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For whom is a picture worth a thousand words? How does the visualizing cognitive style affect processing of news photos?
Unformatted Document Text:  Processing of news photos 8 only possible with controlled processing both at the time of encoding and at the time of recall (Bargh, 1984; Cowan, 1995). According to Cowan (1995), controlled attention allows for a more complete encoding of a stimulus, longer-lasting activation, and a more deliberate, conscious retrieval process. Both the physical and semantic features of attended stimuli are better encoded. Fisk and Schneider (1984) showed that attention is required for recall and recognition. They had people attend, in varying degrees, to words that were surrounded by numbers. A later recognition test for the words showed that the less attention people paid to the words, the worse their recall and recognition. More evidence of the role of attention on memory is found in research on processing of visual scenes. Memory for a visual scene is directly related to the number of fixations made or the looking-time (Loftus, 1972; Nelson & Loftus, 1980; Rayner & Pollatsek, 1992). Potter and Levy (1969) found that the longer the viewing of each picture, the greater the overall probability of recognizing it correctly. As Nelson and Loftus (1980) stated, “Eye fixations are useful in remembering pictures because the more fixations there are, the greater the likelihood that features will be acquired that will ultimately prove useful for distinguishing a target from distracters” (p. 399). One index of selective attention is how long people attend to or view a stimulus. The amount of time a person spends looking at a stimulus has been called “eyes on screen” (Thorson, 1996) or “voluntary visual attention (VVA)” (Nunnally, 1971). Eyes on screen (EOS) is an index of how much time an individual looks at a television screen. VVA is the amount of time spent looking at different objects within a visual field when there are no instructions given to a study participant.

Authors: Mendelson, Andrew.
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Processing of news photos
8
only possible with controlled processing both at the time of encoding and at the time of recall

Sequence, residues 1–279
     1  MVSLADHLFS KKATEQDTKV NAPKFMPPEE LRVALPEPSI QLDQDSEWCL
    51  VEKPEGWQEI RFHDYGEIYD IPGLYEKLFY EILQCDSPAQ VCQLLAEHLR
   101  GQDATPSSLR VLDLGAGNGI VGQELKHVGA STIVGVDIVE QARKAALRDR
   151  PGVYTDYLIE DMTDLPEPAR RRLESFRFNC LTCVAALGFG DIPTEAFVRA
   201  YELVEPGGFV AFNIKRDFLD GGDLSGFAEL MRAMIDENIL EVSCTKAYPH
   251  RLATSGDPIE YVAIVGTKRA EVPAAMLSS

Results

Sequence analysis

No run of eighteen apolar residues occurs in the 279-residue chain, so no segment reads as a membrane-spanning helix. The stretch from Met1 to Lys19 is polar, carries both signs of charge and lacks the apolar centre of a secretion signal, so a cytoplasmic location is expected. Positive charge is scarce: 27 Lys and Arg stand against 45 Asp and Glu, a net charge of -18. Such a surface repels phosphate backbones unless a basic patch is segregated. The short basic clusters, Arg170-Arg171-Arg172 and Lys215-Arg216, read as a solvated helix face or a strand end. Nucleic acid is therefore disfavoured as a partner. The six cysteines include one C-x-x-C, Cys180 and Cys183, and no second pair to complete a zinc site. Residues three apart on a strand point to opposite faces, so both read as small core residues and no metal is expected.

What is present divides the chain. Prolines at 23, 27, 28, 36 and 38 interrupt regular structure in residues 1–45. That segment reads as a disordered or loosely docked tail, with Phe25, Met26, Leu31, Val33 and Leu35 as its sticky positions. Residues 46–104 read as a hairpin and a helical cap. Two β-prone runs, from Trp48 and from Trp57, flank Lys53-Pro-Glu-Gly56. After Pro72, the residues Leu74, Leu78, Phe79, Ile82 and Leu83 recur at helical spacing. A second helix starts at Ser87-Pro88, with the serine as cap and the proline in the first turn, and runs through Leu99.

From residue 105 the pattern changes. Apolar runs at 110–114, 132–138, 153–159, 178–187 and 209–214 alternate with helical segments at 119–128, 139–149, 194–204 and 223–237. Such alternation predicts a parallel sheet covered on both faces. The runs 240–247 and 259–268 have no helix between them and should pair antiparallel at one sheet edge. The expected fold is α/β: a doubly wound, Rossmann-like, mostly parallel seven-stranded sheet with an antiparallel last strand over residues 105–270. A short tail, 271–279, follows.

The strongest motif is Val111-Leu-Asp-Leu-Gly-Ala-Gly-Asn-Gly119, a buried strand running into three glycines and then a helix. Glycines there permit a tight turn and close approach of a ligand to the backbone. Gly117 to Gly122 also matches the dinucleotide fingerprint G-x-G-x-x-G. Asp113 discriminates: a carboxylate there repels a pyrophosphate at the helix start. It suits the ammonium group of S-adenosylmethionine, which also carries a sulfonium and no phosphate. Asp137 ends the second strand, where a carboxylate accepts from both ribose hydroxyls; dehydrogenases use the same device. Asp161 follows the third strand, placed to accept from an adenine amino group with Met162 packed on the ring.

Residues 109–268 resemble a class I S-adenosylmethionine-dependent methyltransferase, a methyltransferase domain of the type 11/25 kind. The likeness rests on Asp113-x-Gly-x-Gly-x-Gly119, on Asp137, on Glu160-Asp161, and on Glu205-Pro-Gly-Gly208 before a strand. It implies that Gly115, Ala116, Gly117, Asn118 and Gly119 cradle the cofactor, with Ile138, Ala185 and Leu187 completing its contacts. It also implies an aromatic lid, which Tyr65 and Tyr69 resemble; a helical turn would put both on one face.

(Bargh, 1984; Cowan, 1995). According to Cowan (1995), controlled attention allows for a
more complete encoding of a stimulus, longer-lasting activation, and a more deliberate,
conscious retrieval process. Both the physical and semantic features of attended stimuli are
better encoded. Fisk and Schneider (1984) showed that attention is required for recall and
recognition. They had people attend, in varying degrees, to words that were surrounded by
numbers. A later recognition test for the words showed that the less attention people paid to the
words, the worse their recall and recognition.
More evidence of the role of attention on memory is found in research on processing of
visual scenes. Memory for a visual scene is directly related to the number of fixations made or
the looking-time (Loftus, 1972; Nelson & Loftus, 1980; Rayner & Pollatsek, 1992). Potter and
Levy (1969) found that the longer the viewing of each picture, the greater the overall probability
of recognizing it correctly. As Nelson and Loftus (1980) stated, “Eye fixations are useful in
remembering pictures because the more fixations there are, the greater the likelihood that
features will be acquired that will ultimately prove useful for distinguishing a target from
distracters” (p. 399).
One index of selective attention is how long people attend to or view a stimulus. The
amount of time a person spends looking at a stimulus has been called “eyes on screen” (Thorson,
1996) or “voluntary visual attention (VVA)” (Nunnally, 1971). Eyes on screen (EOS) is an
index of how much time an individual looks at a television screen. VVA is the amount of time
spent looking at different objects within a visual field when there are no instructions given to a
study participant.


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